Trips

A hiker on Half Dome's cable route in Yosemite National Park.

Extreme Hiking: America’s Best Hard Dayhikes

By Michael Lanza

Imagine this: You’re heading out on a long, beautiful hike deep in the backcountry, but instead of a full backpack, you carry a light daypack. You’ve avoided hassles with getting a backcountry permit and there’s no camp to set up and pack up. I love backpacking—and I do it a lot. But sometimes, I prefer to knock off a weekend-length—or longer—hike in one big day.

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A backpacker hiking into Titcomb Basin in the Wind River Range, Wyoming.

Photo Gallery: Backpacking the Wind River Range

By Michael Lanza

In late afternoon, near the end of a day of backpacking some 14 miles—mostly above 10,000 feet—two friends and I walked into Titcomb Basin, deep in Wyoming’s Wind River Range, mouths gaping open. Forming a horseshoe embracing this alpine valley at over 10,500 feet, mountains soared more than 3,000 feet above the windblown Titcomb Lakes, including the second-highest in the Winds, 13,745-foot Fremont Peak, on the Continental Divide.

But by that point on the first day of our 39-mile backpacking trip, my companions were fully smitten by the Winds—as I have been since my first trip there 30 years ago.

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Backpackers west of Sunrise on the Wonderland Trail, Mount Rainier National Park

The Best Hikes in Mount Rainier National Park

By Michael Lanza

Among hikers and backpackers, Mount Rainier National Park may be best known for the Wonderland Trail, which makes a 93-mile loop around Mount Rainier—the 14,411-foot volcano that Washingtonians refer to simply as “The Mountain.” The Wonderland constantly ascends to sub-alpine meadows exploding with wildflowers, with Rainier’s gleaming, white slopes repeatedly popping into view, and plunges into valleys carved by glacial rivers in a rainforest of giant trees.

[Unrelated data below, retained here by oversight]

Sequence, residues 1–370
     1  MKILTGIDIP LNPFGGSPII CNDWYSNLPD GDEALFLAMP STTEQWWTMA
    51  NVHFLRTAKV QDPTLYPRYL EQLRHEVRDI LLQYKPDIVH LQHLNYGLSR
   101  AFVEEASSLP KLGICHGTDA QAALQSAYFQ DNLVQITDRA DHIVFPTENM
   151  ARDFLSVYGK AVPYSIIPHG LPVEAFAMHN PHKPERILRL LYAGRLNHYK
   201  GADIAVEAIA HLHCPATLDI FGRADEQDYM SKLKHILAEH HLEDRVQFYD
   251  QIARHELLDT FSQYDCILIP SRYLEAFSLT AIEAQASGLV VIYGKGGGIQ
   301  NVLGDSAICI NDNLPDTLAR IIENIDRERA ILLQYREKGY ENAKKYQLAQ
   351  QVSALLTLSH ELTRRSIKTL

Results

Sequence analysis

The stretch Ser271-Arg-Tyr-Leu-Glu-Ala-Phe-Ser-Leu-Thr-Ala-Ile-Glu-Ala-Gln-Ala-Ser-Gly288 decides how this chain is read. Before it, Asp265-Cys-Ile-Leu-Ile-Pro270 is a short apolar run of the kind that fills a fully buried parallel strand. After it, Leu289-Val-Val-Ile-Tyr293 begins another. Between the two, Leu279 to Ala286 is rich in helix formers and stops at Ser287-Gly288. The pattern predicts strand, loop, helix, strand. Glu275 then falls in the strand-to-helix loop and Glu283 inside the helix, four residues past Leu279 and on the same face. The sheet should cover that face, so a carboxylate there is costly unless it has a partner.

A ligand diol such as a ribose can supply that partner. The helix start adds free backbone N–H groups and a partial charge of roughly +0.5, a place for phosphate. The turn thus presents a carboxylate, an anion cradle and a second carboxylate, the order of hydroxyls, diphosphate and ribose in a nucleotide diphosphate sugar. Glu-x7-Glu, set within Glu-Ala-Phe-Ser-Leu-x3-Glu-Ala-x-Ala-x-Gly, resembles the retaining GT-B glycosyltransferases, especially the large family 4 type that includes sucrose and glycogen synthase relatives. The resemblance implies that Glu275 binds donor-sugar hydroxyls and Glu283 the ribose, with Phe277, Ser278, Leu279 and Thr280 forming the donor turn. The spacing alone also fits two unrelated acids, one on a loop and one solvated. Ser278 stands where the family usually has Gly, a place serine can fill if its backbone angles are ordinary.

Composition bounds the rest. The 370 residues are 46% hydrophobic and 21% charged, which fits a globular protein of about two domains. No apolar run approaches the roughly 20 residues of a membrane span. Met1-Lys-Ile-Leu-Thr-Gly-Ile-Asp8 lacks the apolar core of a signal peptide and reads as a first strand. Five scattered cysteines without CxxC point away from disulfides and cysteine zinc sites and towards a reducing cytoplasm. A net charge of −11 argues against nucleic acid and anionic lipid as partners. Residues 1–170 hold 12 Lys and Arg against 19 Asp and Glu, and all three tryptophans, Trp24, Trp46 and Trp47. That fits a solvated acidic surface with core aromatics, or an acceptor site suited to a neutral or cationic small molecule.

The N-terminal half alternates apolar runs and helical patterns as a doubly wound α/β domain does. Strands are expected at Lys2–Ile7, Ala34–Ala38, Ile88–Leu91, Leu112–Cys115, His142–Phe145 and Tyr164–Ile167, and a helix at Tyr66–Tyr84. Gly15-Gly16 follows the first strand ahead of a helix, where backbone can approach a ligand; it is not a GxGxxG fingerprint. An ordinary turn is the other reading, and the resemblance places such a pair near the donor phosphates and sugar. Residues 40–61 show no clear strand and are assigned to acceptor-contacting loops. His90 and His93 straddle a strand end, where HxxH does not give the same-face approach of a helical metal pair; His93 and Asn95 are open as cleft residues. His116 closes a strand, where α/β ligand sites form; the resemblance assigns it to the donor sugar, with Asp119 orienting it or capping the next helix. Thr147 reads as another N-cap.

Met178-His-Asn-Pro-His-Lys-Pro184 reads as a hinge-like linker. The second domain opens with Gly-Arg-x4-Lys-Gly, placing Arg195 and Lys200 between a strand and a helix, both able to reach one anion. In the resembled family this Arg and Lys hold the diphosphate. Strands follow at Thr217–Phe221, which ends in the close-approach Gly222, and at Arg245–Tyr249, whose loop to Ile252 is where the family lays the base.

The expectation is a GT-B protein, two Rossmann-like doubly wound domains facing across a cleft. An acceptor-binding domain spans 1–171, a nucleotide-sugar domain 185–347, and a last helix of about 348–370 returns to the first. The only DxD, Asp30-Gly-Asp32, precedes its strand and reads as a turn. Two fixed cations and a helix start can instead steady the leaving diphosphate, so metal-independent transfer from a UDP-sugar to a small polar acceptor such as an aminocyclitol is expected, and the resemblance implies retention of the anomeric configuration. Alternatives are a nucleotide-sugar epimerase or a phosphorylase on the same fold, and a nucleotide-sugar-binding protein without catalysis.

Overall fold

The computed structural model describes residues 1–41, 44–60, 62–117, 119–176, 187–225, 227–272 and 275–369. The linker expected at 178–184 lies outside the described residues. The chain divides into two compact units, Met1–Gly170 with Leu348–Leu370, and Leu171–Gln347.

But one doesn’t have to embark on a multi-day hike to enjoy those vistas. You reach some of the best scenery in America’s fifth national park on dayhikes.

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A backpacker on the Clear Creek Trail, Grand Canyon.

Finding Solitude Backpacking the Grand Canyon’s Utah Flats and Clear Creek

By Michael Lanza

After descending seven miles and over 4,800 feet on the Grand Canyon’s always-stunning South Kaibab Trail and crossing the footbridge to the north side of the Colorado River, we follow the path through the Bright Angel backpacker campground to its end. There, not marked by any sign and not obvious to anyone unaware of it, a faint path leads through low bushes. Within moments, it turns and runs straight up a steep canyon wall of cacti and other desert flora, loose scree, and boulders, ascending about 1,500 vertical feet in the first mile, beyond what we can see from the bottom of it.

Gazing up with a volatile mix of excitement and trepidation, we start a long uphill grind.

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A backpacker on the Tonto Trail on the Grand Canyon's Royal Arch Loop.

How to Get a Permit to Backpack in the Grand Canyon

By Michael Lanza

First-time backpackers in the Grand Canyon quickly absorb two lessons about this one-of-a-kind place: Its infinite vistas and deceptive scale, the beauty of desert oases and wildflower blooms, the peacefulness and quietude of some of the best campsites you will ever enjoy—all of these qualities will hook you forever.

And you learn how difficult it can be to get a permit for backpacking there.

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